He said: “This is a part of the world where there are overlapping terrorist groups. Not just al-Qa’ida elements, but also ISIS-affiliated networks and others. Because of that group of threats, it’s important for us in the United States and for our partners in Europe and elsewhere in the world to remain engaged.

“Our goal here is to continually improve our local partners’ capabilities: help them secure their borders, help them investigate terrorist-related crimes, help them prevent terrorist-related attacks from happening, help them respond to attacks when they do take place, in real time. And ultimately, the interest of the United States is ensuring that our partners have those skills themselves and need not turn to outsiders to provide security for them.”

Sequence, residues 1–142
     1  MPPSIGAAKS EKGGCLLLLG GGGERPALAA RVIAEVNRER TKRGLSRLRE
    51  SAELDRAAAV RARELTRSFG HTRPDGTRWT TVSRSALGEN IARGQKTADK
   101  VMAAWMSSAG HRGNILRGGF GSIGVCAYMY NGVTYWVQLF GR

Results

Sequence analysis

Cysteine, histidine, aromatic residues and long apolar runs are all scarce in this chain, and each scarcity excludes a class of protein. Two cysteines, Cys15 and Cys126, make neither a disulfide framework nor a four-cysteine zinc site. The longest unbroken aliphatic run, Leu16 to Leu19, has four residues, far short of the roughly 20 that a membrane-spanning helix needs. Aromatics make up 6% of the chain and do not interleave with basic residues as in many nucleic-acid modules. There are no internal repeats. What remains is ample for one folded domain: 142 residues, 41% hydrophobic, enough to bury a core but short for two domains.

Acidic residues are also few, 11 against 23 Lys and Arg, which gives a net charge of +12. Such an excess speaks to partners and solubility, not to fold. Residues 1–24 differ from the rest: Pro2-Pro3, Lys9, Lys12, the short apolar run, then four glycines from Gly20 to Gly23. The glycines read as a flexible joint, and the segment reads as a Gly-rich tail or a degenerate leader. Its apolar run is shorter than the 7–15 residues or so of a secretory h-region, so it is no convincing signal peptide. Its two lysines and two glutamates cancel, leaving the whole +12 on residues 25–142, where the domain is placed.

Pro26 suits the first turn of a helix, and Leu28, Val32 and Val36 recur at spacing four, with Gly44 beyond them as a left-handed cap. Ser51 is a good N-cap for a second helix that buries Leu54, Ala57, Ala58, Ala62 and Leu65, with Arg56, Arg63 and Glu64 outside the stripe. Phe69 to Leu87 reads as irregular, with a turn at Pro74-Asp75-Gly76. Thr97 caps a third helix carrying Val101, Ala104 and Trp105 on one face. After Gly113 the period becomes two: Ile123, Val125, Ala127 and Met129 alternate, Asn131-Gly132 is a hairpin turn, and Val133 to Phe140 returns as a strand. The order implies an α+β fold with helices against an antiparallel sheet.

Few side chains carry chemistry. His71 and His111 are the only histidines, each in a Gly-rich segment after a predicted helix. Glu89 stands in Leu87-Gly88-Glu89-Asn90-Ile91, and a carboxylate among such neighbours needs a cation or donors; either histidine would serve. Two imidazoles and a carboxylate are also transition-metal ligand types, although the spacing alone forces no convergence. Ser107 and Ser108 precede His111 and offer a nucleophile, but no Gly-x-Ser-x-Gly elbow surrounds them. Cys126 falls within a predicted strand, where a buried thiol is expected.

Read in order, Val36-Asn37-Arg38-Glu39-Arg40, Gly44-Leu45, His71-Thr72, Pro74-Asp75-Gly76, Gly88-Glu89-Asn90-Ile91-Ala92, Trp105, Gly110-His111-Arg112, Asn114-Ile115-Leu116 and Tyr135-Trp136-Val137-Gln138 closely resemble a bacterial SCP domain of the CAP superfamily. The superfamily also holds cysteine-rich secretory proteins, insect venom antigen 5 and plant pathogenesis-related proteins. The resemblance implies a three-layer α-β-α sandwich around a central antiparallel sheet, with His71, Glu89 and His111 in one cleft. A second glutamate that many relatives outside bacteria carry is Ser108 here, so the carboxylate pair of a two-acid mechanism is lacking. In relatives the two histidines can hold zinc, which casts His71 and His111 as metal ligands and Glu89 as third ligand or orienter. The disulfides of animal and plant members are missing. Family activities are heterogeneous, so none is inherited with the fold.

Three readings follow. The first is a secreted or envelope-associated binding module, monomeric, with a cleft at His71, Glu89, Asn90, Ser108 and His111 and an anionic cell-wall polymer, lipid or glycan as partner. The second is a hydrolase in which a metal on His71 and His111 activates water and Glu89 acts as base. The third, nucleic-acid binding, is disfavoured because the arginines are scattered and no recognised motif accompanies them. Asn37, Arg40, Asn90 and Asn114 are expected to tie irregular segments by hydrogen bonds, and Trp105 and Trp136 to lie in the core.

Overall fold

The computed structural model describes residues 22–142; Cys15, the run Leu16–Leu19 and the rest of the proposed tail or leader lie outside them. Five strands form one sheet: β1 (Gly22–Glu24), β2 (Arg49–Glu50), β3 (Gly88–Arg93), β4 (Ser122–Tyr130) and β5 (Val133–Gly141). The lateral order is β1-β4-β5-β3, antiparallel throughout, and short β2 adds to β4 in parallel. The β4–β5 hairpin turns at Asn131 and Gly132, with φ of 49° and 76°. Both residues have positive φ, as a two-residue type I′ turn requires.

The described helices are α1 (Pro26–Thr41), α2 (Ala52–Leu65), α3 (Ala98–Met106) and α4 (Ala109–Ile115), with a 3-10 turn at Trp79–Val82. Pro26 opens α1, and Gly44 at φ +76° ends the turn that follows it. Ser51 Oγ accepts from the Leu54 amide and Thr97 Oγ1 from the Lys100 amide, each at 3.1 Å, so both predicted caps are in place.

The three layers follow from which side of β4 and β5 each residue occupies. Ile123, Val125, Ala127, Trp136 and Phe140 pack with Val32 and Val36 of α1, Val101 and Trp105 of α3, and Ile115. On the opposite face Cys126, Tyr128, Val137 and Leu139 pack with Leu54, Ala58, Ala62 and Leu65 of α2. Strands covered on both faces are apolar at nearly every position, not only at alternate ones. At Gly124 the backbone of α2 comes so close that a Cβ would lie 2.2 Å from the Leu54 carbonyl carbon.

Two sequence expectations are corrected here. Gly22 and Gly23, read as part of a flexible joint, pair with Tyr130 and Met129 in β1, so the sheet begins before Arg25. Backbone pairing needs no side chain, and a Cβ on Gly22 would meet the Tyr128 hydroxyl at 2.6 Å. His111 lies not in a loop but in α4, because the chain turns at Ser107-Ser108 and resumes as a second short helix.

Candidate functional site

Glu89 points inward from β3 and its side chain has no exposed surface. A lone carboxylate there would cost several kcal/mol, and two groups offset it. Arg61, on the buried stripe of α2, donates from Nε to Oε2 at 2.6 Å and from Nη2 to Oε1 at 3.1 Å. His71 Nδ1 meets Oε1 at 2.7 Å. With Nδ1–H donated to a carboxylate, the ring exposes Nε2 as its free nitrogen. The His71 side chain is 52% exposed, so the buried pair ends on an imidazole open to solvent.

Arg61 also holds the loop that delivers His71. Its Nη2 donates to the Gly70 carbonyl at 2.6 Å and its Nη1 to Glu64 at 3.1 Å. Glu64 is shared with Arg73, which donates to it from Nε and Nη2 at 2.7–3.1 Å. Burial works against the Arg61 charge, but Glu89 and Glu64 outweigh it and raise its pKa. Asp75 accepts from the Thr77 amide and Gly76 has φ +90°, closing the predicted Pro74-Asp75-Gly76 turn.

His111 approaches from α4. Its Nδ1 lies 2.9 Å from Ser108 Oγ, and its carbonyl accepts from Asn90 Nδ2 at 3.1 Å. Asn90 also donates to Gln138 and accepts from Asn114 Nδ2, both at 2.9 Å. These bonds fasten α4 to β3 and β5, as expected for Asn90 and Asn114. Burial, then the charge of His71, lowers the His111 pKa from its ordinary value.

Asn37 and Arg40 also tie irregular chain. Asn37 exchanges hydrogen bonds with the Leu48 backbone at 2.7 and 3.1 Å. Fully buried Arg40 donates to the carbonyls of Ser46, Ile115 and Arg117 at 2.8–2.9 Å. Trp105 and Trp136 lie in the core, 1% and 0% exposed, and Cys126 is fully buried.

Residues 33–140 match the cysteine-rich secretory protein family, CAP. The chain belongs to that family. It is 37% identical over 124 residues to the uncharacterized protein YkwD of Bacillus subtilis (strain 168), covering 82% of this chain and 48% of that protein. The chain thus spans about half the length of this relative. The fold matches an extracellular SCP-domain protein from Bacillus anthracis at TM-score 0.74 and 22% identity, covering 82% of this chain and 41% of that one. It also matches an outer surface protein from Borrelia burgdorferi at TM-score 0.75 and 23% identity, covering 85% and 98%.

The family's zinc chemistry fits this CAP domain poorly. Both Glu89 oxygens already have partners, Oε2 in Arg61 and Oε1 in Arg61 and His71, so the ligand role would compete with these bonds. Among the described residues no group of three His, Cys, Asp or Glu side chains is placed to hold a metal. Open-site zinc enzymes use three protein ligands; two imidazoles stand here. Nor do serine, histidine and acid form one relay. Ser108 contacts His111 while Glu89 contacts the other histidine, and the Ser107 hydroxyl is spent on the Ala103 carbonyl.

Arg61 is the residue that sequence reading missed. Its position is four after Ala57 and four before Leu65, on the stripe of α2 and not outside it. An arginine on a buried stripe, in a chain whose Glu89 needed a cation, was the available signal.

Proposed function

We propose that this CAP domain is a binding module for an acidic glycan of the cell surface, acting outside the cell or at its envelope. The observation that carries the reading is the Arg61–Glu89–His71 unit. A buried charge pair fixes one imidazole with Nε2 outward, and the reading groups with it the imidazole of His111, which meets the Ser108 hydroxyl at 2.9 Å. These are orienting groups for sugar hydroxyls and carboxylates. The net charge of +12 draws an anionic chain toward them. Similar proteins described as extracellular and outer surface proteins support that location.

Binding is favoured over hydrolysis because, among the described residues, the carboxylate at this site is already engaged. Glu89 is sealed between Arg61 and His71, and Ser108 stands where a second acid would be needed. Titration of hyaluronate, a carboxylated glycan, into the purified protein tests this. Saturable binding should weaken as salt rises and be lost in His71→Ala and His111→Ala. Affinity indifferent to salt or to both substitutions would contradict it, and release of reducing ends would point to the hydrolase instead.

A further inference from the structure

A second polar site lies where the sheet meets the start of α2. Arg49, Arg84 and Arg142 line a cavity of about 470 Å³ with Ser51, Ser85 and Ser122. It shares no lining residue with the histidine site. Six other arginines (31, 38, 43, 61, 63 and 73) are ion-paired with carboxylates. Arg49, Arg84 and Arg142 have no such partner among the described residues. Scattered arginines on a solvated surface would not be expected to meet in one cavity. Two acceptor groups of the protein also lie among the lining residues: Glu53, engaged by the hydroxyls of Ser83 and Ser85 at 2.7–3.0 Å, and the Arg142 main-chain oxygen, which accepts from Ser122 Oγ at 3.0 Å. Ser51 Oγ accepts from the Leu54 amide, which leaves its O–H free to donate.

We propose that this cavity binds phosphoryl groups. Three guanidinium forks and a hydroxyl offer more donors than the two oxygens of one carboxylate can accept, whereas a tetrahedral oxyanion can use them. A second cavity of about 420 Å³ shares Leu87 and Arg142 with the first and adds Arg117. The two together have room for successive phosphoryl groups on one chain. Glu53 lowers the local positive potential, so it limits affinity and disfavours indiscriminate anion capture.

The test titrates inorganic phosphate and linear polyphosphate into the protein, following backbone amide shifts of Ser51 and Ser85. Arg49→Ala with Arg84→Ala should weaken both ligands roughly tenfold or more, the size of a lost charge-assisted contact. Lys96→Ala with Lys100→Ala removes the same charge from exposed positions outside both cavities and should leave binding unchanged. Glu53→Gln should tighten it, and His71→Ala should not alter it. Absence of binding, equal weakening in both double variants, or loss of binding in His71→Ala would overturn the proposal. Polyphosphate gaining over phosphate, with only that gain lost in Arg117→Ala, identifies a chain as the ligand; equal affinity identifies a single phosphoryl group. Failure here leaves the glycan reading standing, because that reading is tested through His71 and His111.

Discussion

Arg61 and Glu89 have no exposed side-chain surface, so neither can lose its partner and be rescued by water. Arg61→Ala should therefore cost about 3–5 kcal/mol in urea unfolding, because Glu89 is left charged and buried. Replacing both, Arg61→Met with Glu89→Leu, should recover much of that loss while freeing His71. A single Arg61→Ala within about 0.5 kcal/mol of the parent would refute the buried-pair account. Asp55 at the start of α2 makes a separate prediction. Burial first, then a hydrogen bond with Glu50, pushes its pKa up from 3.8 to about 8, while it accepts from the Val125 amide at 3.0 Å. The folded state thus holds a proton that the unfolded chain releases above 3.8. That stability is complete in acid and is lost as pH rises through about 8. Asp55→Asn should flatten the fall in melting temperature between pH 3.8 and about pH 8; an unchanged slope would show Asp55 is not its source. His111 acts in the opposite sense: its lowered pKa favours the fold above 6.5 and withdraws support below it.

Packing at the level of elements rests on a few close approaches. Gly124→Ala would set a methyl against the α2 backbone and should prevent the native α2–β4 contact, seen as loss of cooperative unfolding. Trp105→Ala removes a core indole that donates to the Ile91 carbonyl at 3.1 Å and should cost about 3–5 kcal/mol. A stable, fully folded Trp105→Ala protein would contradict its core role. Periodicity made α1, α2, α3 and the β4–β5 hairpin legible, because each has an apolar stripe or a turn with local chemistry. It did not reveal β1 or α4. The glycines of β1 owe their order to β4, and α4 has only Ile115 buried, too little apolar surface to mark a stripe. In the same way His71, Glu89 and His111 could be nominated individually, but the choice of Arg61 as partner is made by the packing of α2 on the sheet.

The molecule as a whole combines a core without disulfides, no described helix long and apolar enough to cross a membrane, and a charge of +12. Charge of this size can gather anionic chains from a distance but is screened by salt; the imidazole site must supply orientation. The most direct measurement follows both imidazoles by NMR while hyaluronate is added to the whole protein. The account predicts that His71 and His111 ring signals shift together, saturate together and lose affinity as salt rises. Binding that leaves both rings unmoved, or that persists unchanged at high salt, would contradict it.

Meanwhile, the ongoing search for the abducted 110 Dapchi girls has been extended to the neighbouring countries, the Federal Government has announced.

In a statement issued in Abuja yesterday, the Minister of Information and Culture, Alhaji Lai Mohammed, also added that top military and security officials on Thursday travelled to the North-east to add more urgency to the search.

The officials include the nation’s top military officer and Chief of Defence Staff, Gen. Abayomi Olonisakin; Chief of Naval Staff, Vice Admiral Ibok-Ete Ekwe Ibas; Chief of Army Staff; Lt.-Gen. Tukur Buratai and the Director-General of the Department of State Services, Lawal Daura.

They joined the Chief of Air Staff, Air Marshal Sadique Abubakar, who had earlier relocated to the North-east.